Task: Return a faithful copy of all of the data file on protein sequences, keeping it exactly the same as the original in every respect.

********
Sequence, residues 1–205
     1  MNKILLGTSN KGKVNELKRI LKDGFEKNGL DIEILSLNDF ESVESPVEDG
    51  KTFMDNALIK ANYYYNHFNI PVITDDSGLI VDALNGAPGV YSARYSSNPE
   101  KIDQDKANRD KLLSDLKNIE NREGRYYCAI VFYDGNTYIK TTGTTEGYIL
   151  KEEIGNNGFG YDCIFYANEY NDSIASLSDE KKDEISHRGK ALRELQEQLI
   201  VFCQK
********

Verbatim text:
Sequence, residues 1–205
     1  MNKILLGTSN KGKVNELKRI LKDGFEKNGL DIEILSLNDF ESVESPVEDG
    51  KTFMDNALIK ANYYYNHFNI PVITDDSGLI VDALNGAPGV YSARYSSNPE
   101  KIDQDKANRD KLLSDLKNIE NREGRYYCAI VFYDGNTYIK TTGTTEGYIL
   151  KEEIGNNGFG YDCIFYANEY NDSIASLSDE KKDEISHRGK ALRELQEQLI
   201  VFCQK